Tuesday, September 25, 2007

Software Developer Pattern: Worker Bee

Second in a series of patterns describing software developers. The original treatise included the Enthusiast pattern.

Worker Bee
(Drone; Cog)
Worker bees are willing (more or less) and able (more or less) to implement the code assigned to them in the manner in which they've been told (more or less). They usually do not exhibit a strong passion for software development, a keen design sense or a drive for process improvement.

Worker bees are really just hoping to get through the day so that they can go home and do whatever it is that really interests them: spend time with the family, watch TV, roller-disco, whatever. Their motivation for showing up at work every day to develop software is usually something basic like the need to support their family and hobbies, or "I dunno, the pay's good", or something equally gripping.

Worker bees are best suited to an environments that other developers might find stifling. For instance, if the development process and procedures is onerous and ineffective, this will not bother the worker bee, who, frankly doesn't care that much as long as you continue to sign the cheques. They are relatively reliable employees who are less likely to move around as more interesting and lucrative opportunities open up elsewhere.

Because they tend to follow the path of least resistance, Worker Bees have a tendency to deliver code of average quality or sometimes lower-than-average. This can be mitigated by regular contact, supervision, code review or simply accepted: not every project and task requires a stellar codebase.

Worker bees are also good maintenance programmers, because, again, they're not looking for fulfillment from their job, so won't mind so much being stuck fixing bugs in other people's lousy designs.

Some organizations believe that development teams should be like factory lines, with a large number of relatively low-skill workers supervised carefully by one or more foreman-types. These organizations are looking for worker bees, and if you hire someone else to fill that role, they'll probably just get frustrated and move on.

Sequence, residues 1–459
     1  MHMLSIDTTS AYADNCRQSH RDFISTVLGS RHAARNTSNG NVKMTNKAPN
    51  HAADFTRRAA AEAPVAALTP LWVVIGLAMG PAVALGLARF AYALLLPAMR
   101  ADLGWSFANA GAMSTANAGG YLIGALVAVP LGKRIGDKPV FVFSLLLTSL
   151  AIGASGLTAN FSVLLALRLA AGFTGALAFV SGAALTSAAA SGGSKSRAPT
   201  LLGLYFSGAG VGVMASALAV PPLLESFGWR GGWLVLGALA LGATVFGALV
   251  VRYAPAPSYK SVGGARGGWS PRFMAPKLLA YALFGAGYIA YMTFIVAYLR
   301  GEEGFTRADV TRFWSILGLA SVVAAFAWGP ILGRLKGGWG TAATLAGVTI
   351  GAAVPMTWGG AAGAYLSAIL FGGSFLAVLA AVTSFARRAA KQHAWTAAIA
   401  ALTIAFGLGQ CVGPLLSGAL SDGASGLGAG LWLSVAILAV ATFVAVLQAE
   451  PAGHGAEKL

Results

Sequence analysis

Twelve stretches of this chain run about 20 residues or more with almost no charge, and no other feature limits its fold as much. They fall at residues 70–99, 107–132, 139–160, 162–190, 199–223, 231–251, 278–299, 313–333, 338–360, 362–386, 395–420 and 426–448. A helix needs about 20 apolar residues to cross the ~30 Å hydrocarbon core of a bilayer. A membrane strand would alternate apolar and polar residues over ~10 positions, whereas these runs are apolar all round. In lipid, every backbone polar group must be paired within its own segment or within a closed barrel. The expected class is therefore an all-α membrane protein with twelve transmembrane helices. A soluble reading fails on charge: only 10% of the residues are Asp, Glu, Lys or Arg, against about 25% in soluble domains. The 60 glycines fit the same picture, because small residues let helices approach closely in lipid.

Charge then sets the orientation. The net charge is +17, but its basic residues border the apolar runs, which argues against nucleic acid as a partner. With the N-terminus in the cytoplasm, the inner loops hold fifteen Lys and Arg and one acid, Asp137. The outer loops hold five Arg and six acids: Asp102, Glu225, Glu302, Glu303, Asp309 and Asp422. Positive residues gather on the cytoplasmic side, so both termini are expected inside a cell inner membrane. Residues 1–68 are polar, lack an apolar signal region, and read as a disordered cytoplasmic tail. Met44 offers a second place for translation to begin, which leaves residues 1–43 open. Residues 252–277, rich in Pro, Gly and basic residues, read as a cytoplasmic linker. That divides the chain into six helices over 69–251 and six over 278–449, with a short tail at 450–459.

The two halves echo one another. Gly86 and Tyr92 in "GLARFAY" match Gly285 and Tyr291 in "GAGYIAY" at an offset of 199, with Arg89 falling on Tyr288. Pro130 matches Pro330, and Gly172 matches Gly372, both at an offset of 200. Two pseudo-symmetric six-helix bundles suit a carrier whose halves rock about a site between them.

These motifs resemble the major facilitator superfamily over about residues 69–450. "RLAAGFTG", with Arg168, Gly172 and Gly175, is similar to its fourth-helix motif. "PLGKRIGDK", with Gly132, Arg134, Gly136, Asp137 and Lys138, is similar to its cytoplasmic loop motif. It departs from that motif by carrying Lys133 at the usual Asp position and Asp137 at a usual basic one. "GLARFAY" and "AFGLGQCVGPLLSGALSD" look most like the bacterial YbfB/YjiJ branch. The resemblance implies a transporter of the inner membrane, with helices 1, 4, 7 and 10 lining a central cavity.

Some worker bees are willing to engage and be engaged; these benefit greatly from an Enthusiast, whose enthusiasm and energy may rub off over time. A sheepdog is a perfect fit for worker bees, as long as you don't mind mixing a metaphor. Sheepdogs are happiest when they have a team to shepherd through daily obstacles, and worker bees can thrive in that nurturing environment.

Pairing worker bees with architecture astronauts can be disasterous. Worker bees will happily implement the most wildly outrageous ideas that the astronauts generate without once stopping to question the sanity or applicability of the idea. On the other hand, if you have a highly-placed architecture astronaut whose energy you're trying to divert, sacrificing a worker bee to the task such that the remainder of the team can focus on doing the real work can be effective.

A well-channeled worker bee can regularly turn in reasonable (if unexceptional) code in an environment that would drive most developers to distraction. A misdirected worker bee can plant unintentional timebombs through your codebase, or waste the time of other team members.

Sample Conversations

  • "You'd like an abstraction layer over the database so that we could swap it out for a cache, a filesystem, a content repository or a filing cabinet? Sure, I'll get started on that right away."
  • "No, that's ok, I don't need to know how this feature will be used."
  • "The last development book/website I read? Well, there was this one book in college that I liked..."
Well-Known Examples
You've worked with these people before, I know you have. Worker bees, as a general rule, don't make it to Well-Known.

Related Patterns
  • Cargo Cultist: Although enthusiastic, cargo cultists remain just as oblivious to the rationale behind the practices they follow.
  • Consultant: Same basic motivation, but better at self-promotion, sometimes better at coding, and radically more expensive.

Sunday, September 2, 2007

Referral: The Most Honest Feedback